Placing the radio back in its cradle, Doyle sat back. "Waste of time asking. Likely all be over by the time they get 'ere."
"If he's even there," muttered Bodie, executing a perfect handbrake turn as he exited off the East India Dock Road. As they neared their target, Bodie slowed to a less conspicuous pace and Doyle unerringly guided him down West Ferry Street directly onto the dockside, past the long abandoned dock offices, pulling up just before the back of the Furniture Works, tucking the Capri behind a rusting crane. Doyle knew that two of the three sheds were empty and dilapidated and had been for years. The third, and furthest, was a fully operational motor garage as far as he knew. The frequent metallic sounds of tools in use along with the odd drift of the latest chart topper from a transistor radio turned down low implied this was still the case.
The radio was a godsend. This part of the docks was pretty much deserted and every sound was magnified as it bounced off the water and around the empty buildings, echoing as it went. Their chances of getting into the warehouses undetected had just gone up significantly. As the two of them quietly closed their respective doors on the Capri, Doyle pointed to the third outbuilding, signalling it was occupied and discounting it before pointing at the two closest buildings. Bodie nodded in understanding and they immediately split up. Both peeling off across the cracked and weed strewn concrete to either side of the deserted structures, not a word spoken between them, but still in perfect harmony.
Bodie, sidled down between the wooden shed walls before waiting a beat, letting his eyes adjust to the gloom and knowing that Doyle would be doing exactly the same. Pulling his weapon from his shoulder holster, he crept forward, looking for the small side door that he knew was there and would gain him entry to the building. He hated this part of London. And over the years, Ci5 had spent a disproportionate amount of time in these docks. The dilapidated buildings a perfect hideaway for all the scumbags of London. The wind gusted, taking away the jarring refrains of the now louder radio and bringing with it a sour waft of the river. Trying not to inhale too deeply, Bodie continued moving forward, gun at the ready. That stench of dirty water and machine oil reminded him too much of the docks back home.
Operating on autopilot, he mentally shook himself, now wasn't the time to think of his past, now he should think of his future. He'd conformed, letting Doyle be his moral compass, but without that encumbrance the world was now his oyster. He still wanted to get back at Cowley and now was a perfect opportunity. Killing O'Doherty would certainly get up the old man's nose. Reaching the door, he waited for the wind to change again and he didn't have to wait too long before the radio became the perfect cover. Pulling the door open a crack, he peered round the cracked faded woodwork. The room was empty. He edged himself in, supporting the door with his hand to let it fall silently shut behind him.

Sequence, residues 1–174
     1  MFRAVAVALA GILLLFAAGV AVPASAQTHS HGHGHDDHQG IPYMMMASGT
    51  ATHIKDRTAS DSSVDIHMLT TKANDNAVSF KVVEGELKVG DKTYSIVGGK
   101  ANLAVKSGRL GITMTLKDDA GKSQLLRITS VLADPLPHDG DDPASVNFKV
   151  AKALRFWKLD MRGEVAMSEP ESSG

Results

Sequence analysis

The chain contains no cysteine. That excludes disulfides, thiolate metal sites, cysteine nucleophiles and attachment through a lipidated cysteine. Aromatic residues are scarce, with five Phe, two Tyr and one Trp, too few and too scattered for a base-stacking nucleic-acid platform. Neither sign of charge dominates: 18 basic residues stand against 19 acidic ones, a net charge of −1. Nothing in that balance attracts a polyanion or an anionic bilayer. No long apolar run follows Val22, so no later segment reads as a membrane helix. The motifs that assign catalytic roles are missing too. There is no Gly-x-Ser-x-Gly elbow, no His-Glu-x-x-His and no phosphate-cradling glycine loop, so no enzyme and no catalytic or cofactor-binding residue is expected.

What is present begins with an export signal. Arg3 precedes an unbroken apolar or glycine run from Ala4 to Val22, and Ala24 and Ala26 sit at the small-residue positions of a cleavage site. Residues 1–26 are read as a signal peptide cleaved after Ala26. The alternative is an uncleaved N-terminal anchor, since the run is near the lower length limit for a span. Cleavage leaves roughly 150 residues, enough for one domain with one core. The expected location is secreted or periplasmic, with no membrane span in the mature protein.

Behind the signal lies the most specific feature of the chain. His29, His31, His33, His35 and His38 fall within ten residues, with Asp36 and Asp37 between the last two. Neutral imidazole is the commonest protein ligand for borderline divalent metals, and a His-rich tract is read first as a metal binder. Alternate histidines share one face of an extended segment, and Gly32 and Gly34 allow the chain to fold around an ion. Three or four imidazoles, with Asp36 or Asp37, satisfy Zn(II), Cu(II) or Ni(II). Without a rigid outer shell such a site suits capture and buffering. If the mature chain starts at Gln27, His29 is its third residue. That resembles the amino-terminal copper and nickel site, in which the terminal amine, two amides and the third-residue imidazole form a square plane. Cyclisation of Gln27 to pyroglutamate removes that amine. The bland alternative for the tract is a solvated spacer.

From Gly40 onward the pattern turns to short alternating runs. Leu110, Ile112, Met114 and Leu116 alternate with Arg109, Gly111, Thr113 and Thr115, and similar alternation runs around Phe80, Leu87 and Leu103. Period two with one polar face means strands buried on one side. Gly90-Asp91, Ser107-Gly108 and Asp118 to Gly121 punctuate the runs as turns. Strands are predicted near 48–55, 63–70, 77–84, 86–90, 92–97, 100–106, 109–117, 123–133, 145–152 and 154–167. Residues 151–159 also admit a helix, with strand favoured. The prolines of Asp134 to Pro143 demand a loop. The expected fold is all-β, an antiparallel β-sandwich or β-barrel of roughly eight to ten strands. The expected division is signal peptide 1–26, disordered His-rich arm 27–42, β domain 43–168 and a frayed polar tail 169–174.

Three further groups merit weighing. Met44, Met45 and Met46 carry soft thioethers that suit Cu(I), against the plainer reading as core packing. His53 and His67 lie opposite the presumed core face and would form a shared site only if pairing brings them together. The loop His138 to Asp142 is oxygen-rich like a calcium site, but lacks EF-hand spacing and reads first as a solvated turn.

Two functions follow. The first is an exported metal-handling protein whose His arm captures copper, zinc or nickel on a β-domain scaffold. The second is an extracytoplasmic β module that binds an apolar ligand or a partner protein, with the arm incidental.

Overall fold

Moving through the room towards the front of the warehouse, pigeon droppings scrunched underfoot, the smell wafting up towards Bodie's nostrils. Cursing Cowley one more time as he wrinkled his nose against the unpleasant odour, he pressed himself up against the damp inner wall alongside the door frame. Peeking round, before pulling his head back, he took a mental snapshot of the layout of the building. Old bits of machinery lay scattered amongst the bird droppings and odd shafts of light shone down through the cracked and filthy windows cut into the roof, glinting off the dust motes floating in the air.
Bodie let his fantasy build. If he could kill O'Doherty, and do it in front of Doyle. An execution. That would seriously put the wind up his partner. Nah, too risky. Can't trust Doyle to keep his mouth shut. He moved forward again and out of the corner of his eye, spied his partner through a hole in the party wall. Doyle looked over his way, the quickest glance and a feral grin accompanied by a forward flick of a finger, before focussing back on his own advance. Funny innit. Doyle loves the thrill of the chase, same as me. But acts so morally bloody superior. Should put 'im in his place once and for all. He caught sight of another flicker of movement. Not Doyle. From his side of the buildings, but moving towards his partner. Bodie immediately stilled, concealed behind a rusting hulk of metal that used to do something useful. Judging by the cogs and metal cables wrapped around its innards, some sort of conveyor belt, its rubber belt long gone. His eyes tracked the shadowy form as it moved across the floor. As the shape passed under a window it transformed into the skinny frame recognisable from O'Doherty's file mugshot. Bodie could do nothing, but wait, and if lucky, he could circle behind O'Doherty and take him from behind. The thought of shooting someone in the back didn't bother him. An' I'll have to be quick, because if Doyle doesn't know O'Doherty is there. He paused, playing out all the possible scenarios in his mind. Doyle sees or hears him, if I stay here, perfect backup. Doyle doesn't see him, O'Doherty'll get him first. Well that would seriously screw up the old man's plans. Why should Cowley reap the benefit of Doyle’s skills. Payback. And if Doyle ends up being unfortunate collateral, well. No heir apparent and I'll still bugger off up north. His mind played out the fantasy and with each replay, he embellished it, him shooting O'Doherty, but too late to save Doyle and it appealed more and more each time. Gets Doyle back and cheats Cowley too. His thoughts were interrupted as he almost concurrently felt a bullet zip past his left ear and heard the shot. He immediately crouched down, simultaneously berating himself for letting his attention wander on the job whilst trying desperately to see where the round had come from. He could see it, winking at him, nestling in amongst the layer of guano that covered the floor where it had ricocheted off the hulk of metal he'd been using as cover. Shit, I'm too exposed, he's circled round behind me. He scrabbled round the conveyor and felt, and heard, another bullet too damned close for comfort as he dived to the floor. Another shot cracked the air, immediately followed by a cry of shocked anguish from the other side of the warehouse. Doyle. He'd know the sound of that gun anywhere. He took a risky glance round the conveyor and saw O'Doherty crumpled on the ground. He carefully made his way over to the corpse calling, "Doyle. You okay?" as he went.